Premier thought leaders and experts share several characteristics.
And to tell you what they are, I wish I was able to just look in the mirror and report back to you.
Thankfully, my fact-facting process is fairly simple.
It involves finding a magnifying glass in our family’s “junk drawer” and then squeezing in a podcast to listen to while I walk the dog and putz around the house (while dodging wedding plan discussions).
If there’s not breaking news or a major disruptor – like the Tigers on TV – I’m good to go.
My tried and mostly true “outrospection” technique never fails to support my personal journey toward average.
I listened to a “sales and marketing” leadership podcast which presented several memorable points relevant to school leaders and communicators.
At least I thought it did according to the scribbles I had scratched out on tiny scraps of paper.
See? That magnifying glass is no stage prop. Scribbling stuff down right away and then deciphering it later is the only way for me to actually remember “memorable points.”
They never stop growing their base of knowledge and contacts.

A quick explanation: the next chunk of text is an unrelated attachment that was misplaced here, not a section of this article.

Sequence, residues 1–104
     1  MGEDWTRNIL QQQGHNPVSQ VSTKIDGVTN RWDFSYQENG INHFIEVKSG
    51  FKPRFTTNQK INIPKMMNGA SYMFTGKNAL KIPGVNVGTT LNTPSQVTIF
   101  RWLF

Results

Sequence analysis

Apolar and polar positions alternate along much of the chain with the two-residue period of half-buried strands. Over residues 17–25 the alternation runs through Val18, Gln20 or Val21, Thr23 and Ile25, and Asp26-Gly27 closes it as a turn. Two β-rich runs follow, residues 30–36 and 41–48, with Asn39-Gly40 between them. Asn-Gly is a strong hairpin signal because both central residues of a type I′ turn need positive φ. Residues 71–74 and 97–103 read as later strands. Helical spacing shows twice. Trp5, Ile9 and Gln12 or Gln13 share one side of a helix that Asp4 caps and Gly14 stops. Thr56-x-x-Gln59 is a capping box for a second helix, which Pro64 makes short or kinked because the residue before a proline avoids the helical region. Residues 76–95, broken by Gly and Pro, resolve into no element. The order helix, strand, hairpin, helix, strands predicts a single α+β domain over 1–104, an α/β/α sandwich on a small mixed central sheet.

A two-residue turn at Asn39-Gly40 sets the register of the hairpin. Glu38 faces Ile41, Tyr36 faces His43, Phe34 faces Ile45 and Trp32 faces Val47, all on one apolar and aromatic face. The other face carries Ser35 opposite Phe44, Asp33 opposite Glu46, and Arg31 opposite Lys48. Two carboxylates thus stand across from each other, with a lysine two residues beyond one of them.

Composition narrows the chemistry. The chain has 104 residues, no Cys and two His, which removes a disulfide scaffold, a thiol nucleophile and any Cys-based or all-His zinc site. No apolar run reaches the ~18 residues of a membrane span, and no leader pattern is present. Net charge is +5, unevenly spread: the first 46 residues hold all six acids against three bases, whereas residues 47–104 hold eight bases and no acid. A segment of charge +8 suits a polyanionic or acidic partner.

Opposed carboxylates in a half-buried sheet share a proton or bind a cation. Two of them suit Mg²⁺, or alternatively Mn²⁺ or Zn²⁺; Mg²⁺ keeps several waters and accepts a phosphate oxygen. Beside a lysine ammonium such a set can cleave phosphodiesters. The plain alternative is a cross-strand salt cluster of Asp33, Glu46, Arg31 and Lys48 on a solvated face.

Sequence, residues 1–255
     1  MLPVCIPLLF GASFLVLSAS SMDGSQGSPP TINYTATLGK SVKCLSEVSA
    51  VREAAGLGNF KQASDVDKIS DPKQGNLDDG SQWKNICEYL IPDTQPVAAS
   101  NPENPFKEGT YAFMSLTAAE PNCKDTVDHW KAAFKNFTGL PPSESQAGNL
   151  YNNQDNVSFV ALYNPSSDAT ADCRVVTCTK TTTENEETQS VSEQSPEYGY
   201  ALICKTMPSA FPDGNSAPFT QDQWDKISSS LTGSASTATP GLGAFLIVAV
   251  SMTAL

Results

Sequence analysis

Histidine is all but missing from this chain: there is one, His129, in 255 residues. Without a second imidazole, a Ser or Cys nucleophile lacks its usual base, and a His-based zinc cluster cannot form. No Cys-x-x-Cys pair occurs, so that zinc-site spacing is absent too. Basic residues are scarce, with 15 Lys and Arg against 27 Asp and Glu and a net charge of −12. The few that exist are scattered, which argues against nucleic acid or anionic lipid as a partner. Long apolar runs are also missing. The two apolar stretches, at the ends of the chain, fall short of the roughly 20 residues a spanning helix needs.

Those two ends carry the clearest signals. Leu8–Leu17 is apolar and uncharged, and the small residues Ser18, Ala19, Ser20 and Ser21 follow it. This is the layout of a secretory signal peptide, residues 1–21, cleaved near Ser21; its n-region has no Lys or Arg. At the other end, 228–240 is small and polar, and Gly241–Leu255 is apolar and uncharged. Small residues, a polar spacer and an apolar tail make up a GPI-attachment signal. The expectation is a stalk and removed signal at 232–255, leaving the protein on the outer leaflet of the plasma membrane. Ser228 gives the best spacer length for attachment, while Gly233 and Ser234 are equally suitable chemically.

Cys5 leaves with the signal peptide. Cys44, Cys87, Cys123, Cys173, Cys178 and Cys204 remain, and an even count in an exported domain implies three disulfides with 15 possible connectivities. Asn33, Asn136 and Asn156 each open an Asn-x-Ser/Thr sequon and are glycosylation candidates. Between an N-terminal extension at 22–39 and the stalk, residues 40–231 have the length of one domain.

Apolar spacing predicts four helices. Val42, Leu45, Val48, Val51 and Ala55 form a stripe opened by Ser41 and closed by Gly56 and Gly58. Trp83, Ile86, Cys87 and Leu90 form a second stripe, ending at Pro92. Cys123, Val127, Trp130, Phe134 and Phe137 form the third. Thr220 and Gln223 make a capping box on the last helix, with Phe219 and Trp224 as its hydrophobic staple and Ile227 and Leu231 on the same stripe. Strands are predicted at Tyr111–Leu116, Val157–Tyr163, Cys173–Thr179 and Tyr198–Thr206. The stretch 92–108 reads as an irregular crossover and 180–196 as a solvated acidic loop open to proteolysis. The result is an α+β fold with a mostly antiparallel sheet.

You won’t see thought leaders and experts ever resting on their laurels.
Unless, of course, I happen to get a laurel sometime… then you’ll see it.
I’m the kind of guy who was born to rest on a laurel.
The second gold nugget I gleaned was the fact that thought leaders and experts rarely rush into things.
While I’d like to imagine thought leaders and experts frantically juggle multiple projects and dash about from here to there, they don’t.
And they dedicate blocks of time to “sit back and take in” their new learnings.
Some call this “thinking.”
And what do thought leaders and experts do next?
They do something surprising.
And this is gold nugget #3.
Thought leaders and experts are bold and forthright in expressing their perspectives and beliefs after they’ve thought them through.
They aren’t timid about sharing their ideas and opinions.
They take the approach that if they’re going to “be wrong,” at least they’re going to “be strong.”
And then they’ll repeat this three part cycle over and over again:
• pondering & reflecting
• and clearly communicating.
I was afraid a never-ending “repetitive cycle” would somehow worm its way into my research.
This isn’t good news.
I had hoped becoming a thought leader and expert would only take a weekend.